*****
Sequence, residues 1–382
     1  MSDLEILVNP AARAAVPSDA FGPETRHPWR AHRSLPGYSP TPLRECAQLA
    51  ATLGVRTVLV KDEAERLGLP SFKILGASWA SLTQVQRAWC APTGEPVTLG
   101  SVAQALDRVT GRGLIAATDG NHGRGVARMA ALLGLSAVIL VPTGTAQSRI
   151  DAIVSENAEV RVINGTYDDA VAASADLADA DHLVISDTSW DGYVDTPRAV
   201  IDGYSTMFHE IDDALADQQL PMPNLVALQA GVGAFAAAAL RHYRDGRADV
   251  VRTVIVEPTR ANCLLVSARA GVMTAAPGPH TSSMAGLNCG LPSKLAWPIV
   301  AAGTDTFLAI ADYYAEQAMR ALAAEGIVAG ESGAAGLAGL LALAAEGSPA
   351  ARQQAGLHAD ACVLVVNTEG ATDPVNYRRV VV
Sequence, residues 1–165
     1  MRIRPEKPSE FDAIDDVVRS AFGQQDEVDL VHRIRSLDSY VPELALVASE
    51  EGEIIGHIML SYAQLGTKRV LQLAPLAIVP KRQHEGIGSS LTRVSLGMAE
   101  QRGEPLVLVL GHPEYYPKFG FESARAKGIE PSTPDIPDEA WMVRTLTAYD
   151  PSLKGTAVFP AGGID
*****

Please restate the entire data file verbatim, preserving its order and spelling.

Sequence, residues 1–382
     1  MSDLEILVNP AARAAVPSDA FGPETRHPWR AHRSLPGYSP TPLRECAQLA
    51  ATLGVRTVLV KDEAERLGLP SFKILGASWA SLTQVQRAWC APTGEPVTLG
   101  SVAQALDRVT GRGLIAATDG NHGRGVARMA ALLGLSAVIL VPTGTAQSRI
   151  DAIVSENAEV RVINGTYDDA VAASADLADA DHLVISDTSW DGYVDTPRAV
   201  IDGYSTMFHE IDDALADQQL PMPNLVALQA GVGAFAAAAL RHYRDGRADV
   251  VRTVIVEPTR ANCLLVSARA GVMTAAPGPH TSSMAGLNCG LPSKLAWPIV
   301  AAGTDTFLAI ADYYAEQAMR ALAAEGIVAG ESGAAGLAGL LALAAEGSPA
   351  ARQQAGLHAD ACVLVVNTEG ATDPVNYRRV VV
Sequence, residues 1–165
     1  MRIRPEKPSE FDAIDDVVRS AFGQQDEVDL VHRIRSLDSY VPELALVASE
    51  EGEIIGHIML SYAQLGTKRV LQLAPLAIVP KRQHEGIGSS LTRVSLGMAE
   101  QRGEPLVLVL GHPEYYPKFG FESARAKGIE PSTPDIPDEA WMVRTLTAYD
   151  PSLKGTAVFP AGGID